Making Choices

Anything in the news that involves choices – what you buy, what you eat, even going to the movies – is about making choices. Economics is really about people making choices – not merely about making money. The definition of economics is the “science of choice.”

Most importantly, I want my students to know that when you make a choice, you give up something else. For example, when you purchase something, you have to give up money or another product or activity because of your choice.

I like USA TODAY’s features on lifestyles and food in the newspaper’s LIFE section, and the entire SPORTS section because they highlight stories involving choices that children are interested in. The stories on food involve making several choices to determine how much it costs to create a meal.

The lifestyle material is effective because we can talk about, for example, which movies they like. We read the reviews and compare them to other opinions, or write our own reviews. We also discuss why kids and adults like different movies.

Generally, I have the students go through the paper and I direct them to most significant articles featured that day. Many students are not current events motivated, and so I use the paper to motivate them and pique their curiosity. For example, today there was a story about missile defense that we found interesting. We delved into the physics of it and what it means to fire a bullet into the air.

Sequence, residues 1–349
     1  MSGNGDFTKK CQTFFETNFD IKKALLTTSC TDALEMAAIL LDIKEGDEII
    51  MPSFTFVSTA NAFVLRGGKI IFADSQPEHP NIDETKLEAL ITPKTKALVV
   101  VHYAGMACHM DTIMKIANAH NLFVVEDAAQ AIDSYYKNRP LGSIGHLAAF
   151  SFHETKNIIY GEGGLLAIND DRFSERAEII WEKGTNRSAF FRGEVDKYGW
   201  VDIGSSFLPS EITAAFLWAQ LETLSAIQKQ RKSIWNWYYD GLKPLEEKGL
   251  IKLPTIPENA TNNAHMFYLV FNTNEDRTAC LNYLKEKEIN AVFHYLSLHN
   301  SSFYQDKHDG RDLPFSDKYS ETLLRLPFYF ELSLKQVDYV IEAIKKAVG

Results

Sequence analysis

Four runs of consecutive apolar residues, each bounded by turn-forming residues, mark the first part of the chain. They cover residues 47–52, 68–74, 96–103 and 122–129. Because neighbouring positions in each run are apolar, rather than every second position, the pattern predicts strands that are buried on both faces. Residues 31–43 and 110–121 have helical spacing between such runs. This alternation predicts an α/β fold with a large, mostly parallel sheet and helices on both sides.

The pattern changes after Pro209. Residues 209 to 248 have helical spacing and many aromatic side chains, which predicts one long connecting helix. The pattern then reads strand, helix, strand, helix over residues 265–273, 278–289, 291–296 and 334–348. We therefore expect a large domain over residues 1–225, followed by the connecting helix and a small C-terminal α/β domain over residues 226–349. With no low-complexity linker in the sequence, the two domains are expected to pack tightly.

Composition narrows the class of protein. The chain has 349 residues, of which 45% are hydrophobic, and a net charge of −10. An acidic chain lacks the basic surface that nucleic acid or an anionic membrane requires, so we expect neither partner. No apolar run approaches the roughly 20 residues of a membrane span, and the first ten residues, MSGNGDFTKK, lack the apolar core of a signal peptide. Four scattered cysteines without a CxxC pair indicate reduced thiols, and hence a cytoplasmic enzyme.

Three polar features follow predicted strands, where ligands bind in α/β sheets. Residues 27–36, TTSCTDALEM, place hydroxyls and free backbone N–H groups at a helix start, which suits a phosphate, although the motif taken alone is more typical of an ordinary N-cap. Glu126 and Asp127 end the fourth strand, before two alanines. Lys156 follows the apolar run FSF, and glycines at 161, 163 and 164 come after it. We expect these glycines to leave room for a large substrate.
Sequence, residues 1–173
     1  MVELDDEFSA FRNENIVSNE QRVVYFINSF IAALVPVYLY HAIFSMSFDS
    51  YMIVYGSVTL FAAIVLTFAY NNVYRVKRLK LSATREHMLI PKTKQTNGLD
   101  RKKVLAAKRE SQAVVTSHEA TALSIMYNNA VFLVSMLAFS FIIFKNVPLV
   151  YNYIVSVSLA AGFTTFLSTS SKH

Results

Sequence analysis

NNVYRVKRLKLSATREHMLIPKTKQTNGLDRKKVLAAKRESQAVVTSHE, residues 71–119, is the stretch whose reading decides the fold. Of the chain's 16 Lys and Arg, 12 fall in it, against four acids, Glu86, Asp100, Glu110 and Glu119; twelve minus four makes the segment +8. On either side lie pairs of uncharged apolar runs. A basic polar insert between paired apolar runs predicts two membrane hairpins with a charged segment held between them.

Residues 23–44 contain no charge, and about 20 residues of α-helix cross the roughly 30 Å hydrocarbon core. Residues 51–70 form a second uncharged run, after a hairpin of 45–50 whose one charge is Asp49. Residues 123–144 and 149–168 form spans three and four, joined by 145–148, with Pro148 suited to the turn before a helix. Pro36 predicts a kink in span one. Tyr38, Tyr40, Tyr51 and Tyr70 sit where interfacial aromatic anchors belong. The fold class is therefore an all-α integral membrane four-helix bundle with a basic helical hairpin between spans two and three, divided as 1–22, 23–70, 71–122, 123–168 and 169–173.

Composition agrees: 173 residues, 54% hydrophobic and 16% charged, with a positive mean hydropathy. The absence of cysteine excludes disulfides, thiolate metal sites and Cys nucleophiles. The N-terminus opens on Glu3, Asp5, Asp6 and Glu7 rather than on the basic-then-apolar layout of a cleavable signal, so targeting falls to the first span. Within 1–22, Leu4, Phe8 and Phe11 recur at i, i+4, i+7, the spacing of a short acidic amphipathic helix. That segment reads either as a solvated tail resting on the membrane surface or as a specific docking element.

I also like having students go to the Nationline page and the Across the USA page that highlights stories around the country. I have students work together to find the most remarkable, oddest or funniest story they can. For example, several years ago, a truck flipped over on a highway in Oklahoma, and the story gave detail about the mess it created.

When I teach, I try to highlight all of the sections, especially News because that is a part of the paper the kids won’t naturally go to. Boys always want to go to Sports and girls to Life. I peruse the paper and identify the important articles and then share them with my students. After, I hold a teacher-directed discussion, and then I let engage in free reading.

The students will invariably go to the state by state page to scan and find a story. But what they don’t realize is that they’re reading to learn. What I really like about using USA TODAY is that the kids are reading the paper and learning about current events but they don’t really know it. I enjoy the fact that the learning is fun for them.

I am trying to increase my students’ awareness of the world around them. I also want to enhance their reading and writing skills and make sure that they gain an appreciation for a newspaper

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